Historical Sound and Vision | Bleader

Historical Sound and Vision

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Best Historical Album is a Grammy category that never attracts much attention, but the nominees are usually excellent. This year is no exception: Among them are the Little Walter Chess recordings and a Sophie Tucker collection from the folks at Champaign-Urbana’s great Archeophone label. The excellent Dust-to-Digital label is a regular presence among the nominees, and this year it’s up for a fascinating package called Take Me to the Water: Immersion Baptism in Vintage Music and Photography 1890-1950.

The 8.75" x 6" hardbound book includes a gorgeous collection of rare photos of riverside baptisms by both white and black congregations, taken from the collection of Jim Linderman; there’s also a terrific essay by Luc Sante. Accompanying the images is a wonderful CD featuring black gospel, blues, and old-timey country songs that touch on baptism—including tracks by ubiquitous preacher Reverend J.M. Gates, quirky gospel singer Washington Phillips (who also played a fretless zither he built himself and called a Dolceola), the Carter Family, and J.E. Mainer’s Mountaineers. I don’t really think that baptism songs comprise a truly important genre, but the practice itself is obviously a huge part of religious life, and immersion baptism is still practiced today in the U.S. So while this may seem like a rather esoteric subject for a Grammy bid, that doesn’t make the music (or the photos) any less compelling. Below are a couple images from the book.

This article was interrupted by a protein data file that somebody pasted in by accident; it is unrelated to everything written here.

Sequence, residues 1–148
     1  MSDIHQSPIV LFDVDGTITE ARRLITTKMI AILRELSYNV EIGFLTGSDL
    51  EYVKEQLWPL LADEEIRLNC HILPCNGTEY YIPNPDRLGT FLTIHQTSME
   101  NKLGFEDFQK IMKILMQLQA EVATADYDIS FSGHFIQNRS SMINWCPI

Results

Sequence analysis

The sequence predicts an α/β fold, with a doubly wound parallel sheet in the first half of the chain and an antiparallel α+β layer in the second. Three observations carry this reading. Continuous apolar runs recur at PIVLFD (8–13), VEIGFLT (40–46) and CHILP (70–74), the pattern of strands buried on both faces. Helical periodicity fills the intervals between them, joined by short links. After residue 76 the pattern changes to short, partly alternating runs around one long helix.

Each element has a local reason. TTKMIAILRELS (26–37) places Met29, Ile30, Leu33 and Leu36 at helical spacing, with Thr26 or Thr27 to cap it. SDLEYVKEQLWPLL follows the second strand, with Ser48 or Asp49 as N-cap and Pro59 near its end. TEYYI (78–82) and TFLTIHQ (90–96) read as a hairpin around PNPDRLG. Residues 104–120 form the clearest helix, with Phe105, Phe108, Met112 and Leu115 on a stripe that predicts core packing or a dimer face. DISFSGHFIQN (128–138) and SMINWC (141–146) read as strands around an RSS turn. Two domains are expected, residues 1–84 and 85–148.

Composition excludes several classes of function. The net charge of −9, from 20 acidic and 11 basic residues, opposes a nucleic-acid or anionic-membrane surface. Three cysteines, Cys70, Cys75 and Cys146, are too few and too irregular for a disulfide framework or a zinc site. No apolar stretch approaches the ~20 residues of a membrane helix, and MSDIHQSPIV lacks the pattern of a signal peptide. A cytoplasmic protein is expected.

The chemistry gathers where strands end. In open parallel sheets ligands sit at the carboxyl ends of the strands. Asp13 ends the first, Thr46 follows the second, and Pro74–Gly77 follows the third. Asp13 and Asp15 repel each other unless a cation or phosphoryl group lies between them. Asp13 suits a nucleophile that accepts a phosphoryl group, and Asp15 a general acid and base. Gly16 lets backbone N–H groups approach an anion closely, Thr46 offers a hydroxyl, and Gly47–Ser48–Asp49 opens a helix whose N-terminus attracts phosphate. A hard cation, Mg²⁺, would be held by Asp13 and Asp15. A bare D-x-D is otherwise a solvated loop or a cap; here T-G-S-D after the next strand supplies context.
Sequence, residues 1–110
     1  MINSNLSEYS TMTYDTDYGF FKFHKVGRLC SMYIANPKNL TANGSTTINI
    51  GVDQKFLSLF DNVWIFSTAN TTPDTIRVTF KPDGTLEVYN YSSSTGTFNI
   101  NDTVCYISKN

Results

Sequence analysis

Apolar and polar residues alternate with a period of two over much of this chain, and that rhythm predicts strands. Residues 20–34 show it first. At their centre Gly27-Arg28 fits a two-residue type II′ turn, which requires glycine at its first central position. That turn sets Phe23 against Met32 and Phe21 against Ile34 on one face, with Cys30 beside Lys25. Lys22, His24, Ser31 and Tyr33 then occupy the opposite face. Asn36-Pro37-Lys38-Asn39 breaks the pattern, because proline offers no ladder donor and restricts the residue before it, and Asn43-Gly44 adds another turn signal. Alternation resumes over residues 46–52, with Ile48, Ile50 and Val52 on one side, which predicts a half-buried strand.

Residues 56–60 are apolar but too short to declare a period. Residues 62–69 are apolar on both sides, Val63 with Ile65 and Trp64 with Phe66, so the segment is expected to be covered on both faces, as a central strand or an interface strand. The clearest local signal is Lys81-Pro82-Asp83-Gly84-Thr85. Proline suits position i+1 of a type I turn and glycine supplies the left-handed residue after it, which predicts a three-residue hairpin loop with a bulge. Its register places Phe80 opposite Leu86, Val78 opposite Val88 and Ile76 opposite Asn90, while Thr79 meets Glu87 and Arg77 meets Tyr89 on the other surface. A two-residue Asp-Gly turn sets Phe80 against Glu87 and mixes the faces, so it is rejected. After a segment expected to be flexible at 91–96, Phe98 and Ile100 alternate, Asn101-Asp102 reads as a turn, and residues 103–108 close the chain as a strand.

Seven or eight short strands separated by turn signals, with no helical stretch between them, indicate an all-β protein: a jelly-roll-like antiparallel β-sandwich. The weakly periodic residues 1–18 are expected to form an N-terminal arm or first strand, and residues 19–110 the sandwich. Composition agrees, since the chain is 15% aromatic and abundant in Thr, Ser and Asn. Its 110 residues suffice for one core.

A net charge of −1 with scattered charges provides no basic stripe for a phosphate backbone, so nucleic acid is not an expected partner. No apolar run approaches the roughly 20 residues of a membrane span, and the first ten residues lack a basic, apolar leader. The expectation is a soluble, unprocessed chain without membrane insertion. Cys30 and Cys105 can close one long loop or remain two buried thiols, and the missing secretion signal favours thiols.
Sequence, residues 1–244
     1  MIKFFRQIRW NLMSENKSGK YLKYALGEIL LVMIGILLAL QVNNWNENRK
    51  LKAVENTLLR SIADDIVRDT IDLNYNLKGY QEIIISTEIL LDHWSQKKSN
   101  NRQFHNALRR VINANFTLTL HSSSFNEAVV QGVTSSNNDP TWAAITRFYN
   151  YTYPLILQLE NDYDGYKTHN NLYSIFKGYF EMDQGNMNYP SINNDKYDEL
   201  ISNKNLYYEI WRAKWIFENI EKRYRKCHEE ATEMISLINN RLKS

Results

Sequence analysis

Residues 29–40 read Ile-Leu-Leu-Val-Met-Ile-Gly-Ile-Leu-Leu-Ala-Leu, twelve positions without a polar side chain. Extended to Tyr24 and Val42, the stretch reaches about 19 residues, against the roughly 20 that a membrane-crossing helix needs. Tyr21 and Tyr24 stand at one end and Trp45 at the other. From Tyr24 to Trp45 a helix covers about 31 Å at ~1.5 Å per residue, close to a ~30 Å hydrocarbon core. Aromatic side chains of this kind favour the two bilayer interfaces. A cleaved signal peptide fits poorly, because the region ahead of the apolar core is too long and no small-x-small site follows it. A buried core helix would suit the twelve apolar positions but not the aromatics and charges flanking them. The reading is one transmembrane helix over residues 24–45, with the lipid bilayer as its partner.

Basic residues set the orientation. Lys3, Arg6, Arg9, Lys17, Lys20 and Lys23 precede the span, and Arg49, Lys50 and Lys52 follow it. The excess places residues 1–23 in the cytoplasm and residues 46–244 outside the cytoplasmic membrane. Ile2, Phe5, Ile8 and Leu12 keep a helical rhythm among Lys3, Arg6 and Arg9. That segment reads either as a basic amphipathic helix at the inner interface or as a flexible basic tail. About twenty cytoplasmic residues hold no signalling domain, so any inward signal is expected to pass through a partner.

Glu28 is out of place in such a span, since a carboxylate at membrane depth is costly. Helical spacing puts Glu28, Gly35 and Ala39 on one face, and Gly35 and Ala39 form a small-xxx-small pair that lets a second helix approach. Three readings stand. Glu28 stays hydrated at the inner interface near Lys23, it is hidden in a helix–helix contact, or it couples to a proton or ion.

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Today’s playlist:

Jeremy Udden, Plainville (Fresh Sound New Talent)
Werner Dafeldecker, Long Dead Machines I-IX (Presto)
Anahita, Matricaria (Important)
Coralie Clément, Toystore (Compass)
Jonas Kullhammar, Kresten Osgood, and Ole Morten Vågan, Andratx Live (Moserobie)

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